Wednesday, January 27, 2021

A song written for a crowd of three (including myself)

It isn't a very good song, but the story around it may be of interest.  Sometime around the year 2000, I was using AOL for my Internet.  AOL had chat rooms, most of them totally useless due to the spam that took over the actual conversations.  However, on a Christianity Today website on AOL, there were some Christian chat rooms.  They weren't bothered by spam, I think because you could only get to those chat rooms by going through the Christianity Today website.  One of the rooms was for senior citizens.  I wasn't 60 yet, but I was very comfortable with the group I found there, and over the years I've met many of those people face to face.  

We had several "chat room reunions" around the country; the first one I attended was in Dallas, Texas.  Cliff drove down there with me to make sure I didn't get killed.  He'd heard and read about bad things that happened to people who frequented chat rooms, especially women.  

He found the reunion pretty boring, like going to a stranger's family reunion, and after meeting that mild-mannered group, he worried no more.  I flew to most of the reunions I attended after that. However, one time a friend named Lona decided to drive to Charlotte, North Carolina, and invited me to ride with her.  I rode a bus down to Bella Vista, Arkansas, where she lived, and she picked me up at the bus stop.  In Nashville, we gained another hitchhiker, Virginia Farless.

Virgina Farless was the mother of Chonda Pierce, who is a Christian Comedian; maybe some of my readers have seen her on Youtube or heard of her.  Jen was very proud of her semi-famous daughter.   I really liked Jen.  She was one of the few people I actually enjoyed talking to on the phone.  She often called me "honey" in that way southern women say it.  Mostly, though, she just called me "Mosie".  Another long, boring story.  I never had nicknames until I found that chat room, then I had two or three of them.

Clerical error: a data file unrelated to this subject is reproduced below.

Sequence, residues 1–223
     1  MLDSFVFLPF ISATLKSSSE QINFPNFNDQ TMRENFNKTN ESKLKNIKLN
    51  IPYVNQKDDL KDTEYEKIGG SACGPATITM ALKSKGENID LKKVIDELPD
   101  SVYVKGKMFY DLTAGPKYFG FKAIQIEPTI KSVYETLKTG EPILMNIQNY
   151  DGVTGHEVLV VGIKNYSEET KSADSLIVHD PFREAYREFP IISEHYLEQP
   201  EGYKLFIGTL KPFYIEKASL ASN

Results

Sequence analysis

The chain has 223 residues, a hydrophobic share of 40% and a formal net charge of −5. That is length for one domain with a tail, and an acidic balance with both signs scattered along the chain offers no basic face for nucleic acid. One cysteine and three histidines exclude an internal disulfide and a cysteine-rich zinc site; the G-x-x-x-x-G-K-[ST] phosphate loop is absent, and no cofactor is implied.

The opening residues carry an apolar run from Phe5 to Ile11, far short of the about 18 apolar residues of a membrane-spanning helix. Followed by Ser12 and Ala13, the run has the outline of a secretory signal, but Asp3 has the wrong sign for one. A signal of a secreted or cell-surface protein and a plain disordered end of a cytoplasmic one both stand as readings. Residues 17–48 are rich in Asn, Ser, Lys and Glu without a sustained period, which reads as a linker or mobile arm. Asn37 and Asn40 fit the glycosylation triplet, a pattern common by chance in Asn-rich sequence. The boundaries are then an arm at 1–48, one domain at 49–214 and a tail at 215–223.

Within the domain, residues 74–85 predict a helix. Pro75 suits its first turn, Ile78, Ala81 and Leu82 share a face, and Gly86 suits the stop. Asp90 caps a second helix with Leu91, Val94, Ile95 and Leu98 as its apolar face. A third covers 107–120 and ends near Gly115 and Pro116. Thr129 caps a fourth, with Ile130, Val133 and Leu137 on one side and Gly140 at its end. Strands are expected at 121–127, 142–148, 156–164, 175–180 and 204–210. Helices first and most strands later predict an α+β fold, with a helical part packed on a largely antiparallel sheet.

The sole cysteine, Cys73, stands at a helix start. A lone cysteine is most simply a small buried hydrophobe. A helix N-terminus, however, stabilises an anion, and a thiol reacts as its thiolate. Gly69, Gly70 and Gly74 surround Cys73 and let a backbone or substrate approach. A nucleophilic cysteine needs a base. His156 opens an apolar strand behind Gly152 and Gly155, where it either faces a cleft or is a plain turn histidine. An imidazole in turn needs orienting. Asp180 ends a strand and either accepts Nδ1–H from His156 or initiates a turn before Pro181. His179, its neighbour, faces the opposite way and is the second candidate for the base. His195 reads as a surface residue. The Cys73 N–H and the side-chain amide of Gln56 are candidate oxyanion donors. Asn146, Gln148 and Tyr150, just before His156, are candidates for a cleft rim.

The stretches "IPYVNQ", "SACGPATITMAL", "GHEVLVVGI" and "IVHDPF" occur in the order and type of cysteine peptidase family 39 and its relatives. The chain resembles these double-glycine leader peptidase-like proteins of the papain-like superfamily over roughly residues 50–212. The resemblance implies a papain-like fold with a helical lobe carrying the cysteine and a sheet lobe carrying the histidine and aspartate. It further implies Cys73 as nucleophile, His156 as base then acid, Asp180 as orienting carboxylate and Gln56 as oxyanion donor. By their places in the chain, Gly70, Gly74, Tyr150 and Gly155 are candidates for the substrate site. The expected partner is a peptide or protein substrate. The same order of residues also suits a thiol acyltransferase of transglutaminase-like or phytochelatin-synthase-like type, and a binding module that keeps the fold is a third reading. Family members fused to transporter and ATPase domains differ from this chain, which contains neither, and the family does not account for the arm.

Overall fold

We had a good time at the get-together, met old friends and made new ones.  Too soon, it was time to go home.  I think Lona was around 70 at the time, and she was facing the long drive home to Arkansas.  As we neared Nashville, Virginia (I called her Jen; her chat room name was JenFar) began trying to get hold of her husband Sammy so he could pick her up somewhere not too far off the freeway.  Sammy didn't answer the phone, but Jen kept trying... and when we got to the exit where we would have left her with her husband, Lona kept driving.  I thought, "Now what is Jen going to do?  How is she going to get home?"  Still no answer from her husband.

Then Jen tried calling Chonda, who didn't answer her phone... this was about 18 years ago, so I don't recall a lot of details... but Lona kept driving and Jen kept trying to get someone to pick her up as we put more distance between Jen and her home.  Reluctantly, she called her son-in-law, David, as a last resort.  He answered the phone and agreed to to come pick Jen up.  I would have thought Lona would have offered to simply take Jen home, but I think she was not enjoying the long drive home:  It's all fun and games when you're heading to a party, but when the party's over, you just want to get home with no delays.  

So David, Jen's son-in-law, agreed to pick Jen up, but it was going to be awhile.  We went into a motel and waited in the lobby for David.  Jen said we weren't far from the prison where she had worked as a nurse for a while, and we small-talked, passing the time the best we could.  Jen had her luggage at her feet so she'd be ready if David ever showed up, and she also had with her a foot spa she somehow won at the chat reunion.  Yes, a foot spa.  I don't think she particularly wanted it, but what are you going to do with a gift you'd rather not have when you are 600 miles from home?  

Jen's book ("box of books" mentioned in the song)